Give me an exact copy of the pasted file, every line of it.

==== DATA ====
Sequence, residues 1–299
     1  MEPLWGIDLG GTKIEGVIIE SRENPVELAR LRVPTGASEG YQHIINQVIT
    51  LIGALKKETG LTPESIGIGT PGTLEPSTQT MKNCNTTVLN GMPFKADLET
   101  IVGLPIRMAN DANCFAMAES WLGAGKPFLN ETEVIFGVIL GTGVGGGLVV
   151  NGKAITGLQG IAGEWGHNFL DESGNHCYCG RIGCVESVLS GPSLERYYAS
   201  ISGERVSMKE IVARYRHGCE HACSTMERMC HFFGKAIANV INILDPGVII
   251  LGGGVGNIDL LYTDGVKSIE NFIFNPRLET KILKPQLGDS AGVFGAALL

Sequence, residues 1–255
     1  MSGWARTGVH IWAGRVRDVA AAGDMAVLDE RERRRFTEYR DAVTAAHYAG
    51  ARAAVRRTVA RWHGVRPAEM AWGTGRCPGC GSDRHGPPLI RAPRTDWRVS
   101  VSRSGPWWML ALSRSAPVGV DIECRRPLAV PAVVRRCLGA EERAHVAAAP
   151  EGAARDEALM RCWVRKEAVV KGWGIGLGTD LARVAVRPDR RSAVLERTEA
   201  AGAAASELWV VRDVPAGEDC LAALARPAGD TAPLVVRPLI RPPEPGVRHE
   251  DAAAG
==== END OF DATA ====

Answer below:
Sequence, residues 1–299
     1  MEPLWGIDLG GTKIEGVIIE SRENPVELAR LRVPTGASEG YQHIINQVIT
    51  LIGALKKETG LTPESIGIGT PGTLEPSTQT MKNCNTTVLN GMPFKADLET
   101  IVGLPIRMAN DANCFAMAES WLGAGKPFLN ETEVIFGVIL GTGVGGGLVV
   151  NGKAITGLQG IAGEWGHNFL DESGNHCYCG RIGCVESVLS GPSLERYYAS
   201  ISGERVSMKE IVARYRHGCE HACSTMERMC HFFGKAIANV INILDPGVII
   251  LGGGVGNIDL LYTDGVKSIE NFIFNPRLET KILKPQLGDS AGVFGAALL

Sequence, residues 1–255
     1  MSGWARTGVH IWAGRVRDVA AAGDMAVLDE RERRRFTEYR DAVTAAHYAG
    51  ARAAVRRTVA RWHGVRPAEM AWGTGRCPGC GSDRHGPPLI RAPRTDWRVS
   101  VSRSGPWWML ALSRSAPVGV DIECRRPLAV PAVVRRCLGA EERAHVAAAP
   151  EGAARDEALM RCWVRKEAVV KGWGIGLGTD LARVAVRPDR RSAVLERTEA
   201  AGAAASELWV VRDVPAGEDC LAALARPAGD TAPLVVRPLI RPPEPGVRHE
   251  DAAAG